It's important to make the penalty system an effective deterrent to ensure greater efficiency in the tax system, says M Govinda Rao.
The Bill on the direct taxes code (DTC) placed in Parliament is very much on expected lines. The wide-ranging proposals to broaden the base in the first discussion paper have been diluted in the revised paper which is broadly reflected in the Bill.
The only major difference is in the treatment of capital gains. The second discussion paper proposed to include short-term capital gains from all assets, including equity shares, in the total income and tax them at applicable rates.
Income from long-term capital gains from equity or equity-oriented funds were to be computed after allowing specified deduction without any indexation, whereas capital gains from other investment assets were to be computed after indexing the cost of acquisition from the base of 2000 (instead of 1981).
The Bill, in contrast, proposes to levy tax on short-term capital gains at half the rates of income tax (5 per cent, 10 per cent and 15 per cent) depending on the tax bracket.
Long-term capital gains from equity and equity-linked funds are to be completely exempted. With the proposals to broaden the base given up, the government surely could not afford to reduce the marginal rates or expand the tax brackets.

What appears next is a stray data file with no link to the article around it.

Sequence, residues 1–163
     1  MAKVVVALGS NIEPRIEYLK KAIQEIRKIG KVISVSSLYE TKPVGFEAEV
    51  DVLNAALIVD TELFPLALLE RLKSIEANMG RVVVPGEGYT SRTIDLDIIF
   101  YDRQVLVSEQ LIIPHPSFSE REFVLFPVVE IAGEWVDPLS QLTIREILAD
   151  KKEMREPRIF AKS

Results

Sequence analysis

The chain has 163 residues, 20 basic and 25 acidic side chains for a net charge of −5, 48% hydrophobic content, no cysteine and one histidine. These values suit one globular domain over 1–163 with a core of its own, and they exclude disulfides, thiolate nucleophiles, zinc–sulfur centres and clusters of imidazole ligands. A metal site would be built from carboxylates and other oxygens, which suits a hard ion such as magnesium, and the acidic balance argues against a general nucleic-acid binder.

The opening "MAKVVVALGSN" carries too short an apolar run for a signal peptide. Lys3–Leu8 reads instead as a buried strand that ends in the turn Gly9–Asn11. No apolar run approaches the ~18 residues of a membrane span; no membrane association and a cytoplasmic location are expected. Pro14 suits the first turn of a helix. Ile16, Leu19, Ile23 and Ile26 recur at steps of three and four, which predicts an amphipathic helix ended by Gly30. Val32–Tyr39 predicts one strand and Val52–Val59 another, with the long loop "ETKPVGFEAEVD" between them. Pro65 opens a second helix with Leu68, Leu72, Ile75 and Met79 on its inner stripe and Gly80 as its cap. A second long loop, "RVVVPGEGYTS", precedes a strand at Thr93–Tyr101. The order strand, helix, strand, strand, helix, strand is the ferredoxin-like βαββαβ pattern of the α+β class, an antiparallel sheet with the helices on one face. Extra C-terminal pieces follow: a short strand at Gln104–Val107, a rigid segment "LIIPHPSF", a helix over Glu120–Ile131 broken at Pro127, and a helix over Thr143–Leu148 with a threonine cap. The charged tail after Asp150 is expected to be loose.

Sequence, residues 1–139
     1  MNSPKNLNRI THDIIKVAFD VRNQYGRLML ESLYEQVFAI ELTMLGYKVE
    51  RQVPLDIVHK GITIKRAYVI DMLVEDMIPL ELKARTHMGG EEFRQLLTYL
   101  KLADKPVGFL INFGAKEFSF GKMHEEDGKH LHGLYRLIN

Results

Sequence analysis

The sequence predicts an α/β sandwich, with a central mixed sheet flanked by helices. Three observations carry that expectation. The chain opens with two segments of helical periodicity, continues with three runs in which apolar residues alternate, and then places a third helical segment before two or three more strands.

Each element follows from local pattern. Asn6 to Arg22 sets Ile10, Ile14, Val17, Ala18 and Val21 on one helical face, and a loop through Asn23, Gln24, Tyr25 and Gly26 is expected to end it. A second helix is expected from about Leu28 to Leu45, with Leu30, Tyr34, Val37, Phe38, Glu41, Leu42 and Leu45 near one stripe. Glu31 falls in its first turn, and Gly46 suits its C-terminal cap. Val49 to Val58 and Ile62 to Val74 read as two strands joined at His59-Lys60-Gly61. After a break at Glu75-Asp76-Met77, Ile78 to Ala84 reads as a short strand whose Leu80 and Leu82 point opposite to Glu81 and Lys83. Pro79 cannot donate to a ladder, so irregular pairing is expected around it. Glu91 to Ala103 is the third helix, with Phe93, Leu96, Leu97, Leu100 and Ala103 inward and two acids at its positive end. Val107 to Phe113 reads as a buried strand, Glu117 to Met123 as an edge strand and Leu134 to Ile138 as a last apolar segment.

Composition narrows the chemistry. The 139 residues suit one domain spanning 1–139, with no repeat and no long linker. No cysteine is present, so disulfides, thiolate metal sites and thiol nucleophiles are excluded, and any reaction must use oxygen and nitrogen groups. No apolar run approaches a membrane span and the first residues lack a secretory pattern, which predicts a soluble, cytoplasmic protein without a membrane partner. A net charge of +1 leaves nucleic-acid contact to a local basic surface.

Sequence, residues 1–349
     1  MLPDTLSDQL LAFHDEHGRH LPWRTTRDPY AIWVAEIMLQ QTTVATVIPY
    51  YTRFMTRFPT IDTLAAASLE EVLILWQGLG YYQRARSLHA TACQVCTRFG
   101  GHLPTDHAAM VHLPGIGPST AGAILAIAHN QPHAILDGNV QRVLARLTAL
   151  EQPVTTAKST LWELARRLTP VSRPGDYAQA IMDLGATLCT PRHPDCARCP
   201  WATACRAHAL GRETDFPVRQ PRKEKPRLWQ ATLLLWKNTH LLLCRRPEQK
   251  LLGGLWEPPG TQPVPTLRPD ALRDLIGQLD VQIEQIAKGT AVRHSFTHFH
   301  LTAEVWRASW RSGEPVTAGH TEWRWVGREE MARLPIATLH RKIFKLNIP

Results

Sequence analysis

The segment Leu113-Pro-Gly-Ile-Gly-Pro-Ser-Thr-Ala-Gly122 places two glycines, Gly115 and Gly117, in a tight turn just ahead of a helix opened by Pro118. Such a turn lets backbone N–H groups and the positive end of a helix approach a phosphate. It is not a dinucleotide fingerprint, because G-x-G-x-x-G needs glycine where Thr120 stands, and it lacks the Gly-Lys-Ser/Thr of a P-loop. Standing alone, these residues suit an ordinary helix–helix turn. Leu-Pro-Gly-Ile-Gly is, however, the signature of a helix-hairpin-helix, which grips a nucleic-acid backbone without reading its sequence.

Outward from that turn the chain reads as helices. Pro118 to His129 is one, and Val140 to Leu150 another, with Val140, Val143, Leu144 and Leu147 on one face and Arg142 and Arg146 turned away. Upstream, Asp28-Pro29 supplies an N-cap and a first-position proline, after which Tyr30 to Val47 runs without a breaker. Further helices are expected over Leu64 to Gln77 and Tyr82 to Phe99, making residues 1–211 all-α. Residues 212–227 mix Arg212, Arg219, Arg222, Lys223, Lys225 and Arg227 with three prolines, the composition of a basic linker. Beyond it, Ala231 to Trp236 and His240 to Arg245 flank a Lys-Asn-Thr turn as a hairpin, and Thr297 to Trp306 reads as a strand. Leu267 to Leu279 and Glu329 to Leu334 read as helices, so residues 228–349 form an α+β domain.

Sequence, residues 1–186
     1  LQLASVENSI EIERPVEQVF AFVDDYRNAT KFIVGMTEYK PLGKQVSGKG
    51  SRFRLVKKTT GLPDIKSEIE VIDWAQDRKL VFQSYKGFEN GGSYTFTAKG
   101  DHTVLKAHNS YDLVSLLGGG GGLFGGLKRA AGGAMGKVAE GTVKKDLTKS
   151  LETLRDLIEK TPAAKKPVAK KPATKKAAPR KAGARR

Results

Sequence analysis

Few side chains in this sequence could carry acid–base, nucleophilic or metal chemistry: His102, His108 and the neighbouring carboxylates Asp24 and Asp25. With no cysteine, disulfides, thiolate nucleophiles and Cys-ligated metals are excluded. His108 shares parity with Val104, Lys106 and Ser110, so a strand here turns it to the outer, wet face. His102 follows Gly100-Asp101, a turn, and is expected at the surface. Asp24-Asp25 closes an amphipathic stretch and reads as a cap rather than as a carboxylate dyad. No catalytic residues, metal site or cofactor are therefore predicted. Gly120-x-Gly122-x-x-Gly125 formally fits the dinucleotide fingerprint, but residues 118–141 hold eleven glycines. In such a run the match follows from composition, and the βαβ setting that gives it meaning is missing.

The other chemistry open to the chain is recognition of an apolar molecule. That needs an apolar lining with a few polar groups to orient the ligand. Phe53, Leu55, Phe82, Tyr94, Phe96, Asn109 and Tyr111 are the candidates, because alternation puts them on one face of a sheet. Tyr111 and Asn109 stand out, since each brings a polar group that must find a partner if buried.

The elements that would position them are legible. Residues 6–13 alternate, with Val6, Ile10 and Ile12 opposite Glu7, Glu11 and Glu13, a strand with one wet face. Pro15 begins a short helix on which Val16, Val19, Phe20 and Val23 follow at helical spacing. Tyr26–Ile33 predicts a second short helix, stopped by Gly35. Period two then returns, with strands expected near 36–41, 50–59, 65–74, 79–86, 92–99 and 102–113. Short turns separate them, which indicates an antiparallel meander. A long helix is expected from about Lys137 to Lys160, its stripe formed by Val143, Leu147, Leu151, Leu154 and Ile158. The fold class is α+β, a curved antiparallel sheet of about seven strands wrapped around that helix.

Interestingly, everyone wanted widening of tax brackets and lowering of rates, but not expansion in the base.
The proposal to tax savings and their returns at the time of withdrawal was criticised as robbing superannuation savings and it was argued that in the absence of universal social security, the exemptions should continue.
Of course, we all forget that an overwhelming majority of the population in the country cannot afford to save at all, nor does it have any social security. Why not provide benefits to those who can save?
Similarly, the plan to include the perquisites and notional income from owner-occupied housing has been given up.
Indeed, why should we bother about the horizontal inequity between those who get the perquisites and those who do not? Exemptions to special economic zones (SEZs) have continued to be a bone of contention between the finance and commerce ministries.
While the former underlines the large revenue losses on account of the exemptions, the latter continues to make exaggerated claims about the criticality of continuing exemptions to sustain export growth.
The reality is that tax experts the world over have decried tax incentives and preferences not only because of revenue loss but also due to the distortions created by them, but they have continued to proliferate in every country!
Tax exemptions and preferences result from special interest group politics and once given, it is not easy to remove them. Therefore, any reform towards broadening the base can only be done in baby steps.
The interesting part is that everyone wants the tax base to expand by removing exemptions and preferences from all other sectors except her own and, of course, who does not want lower rates of tax?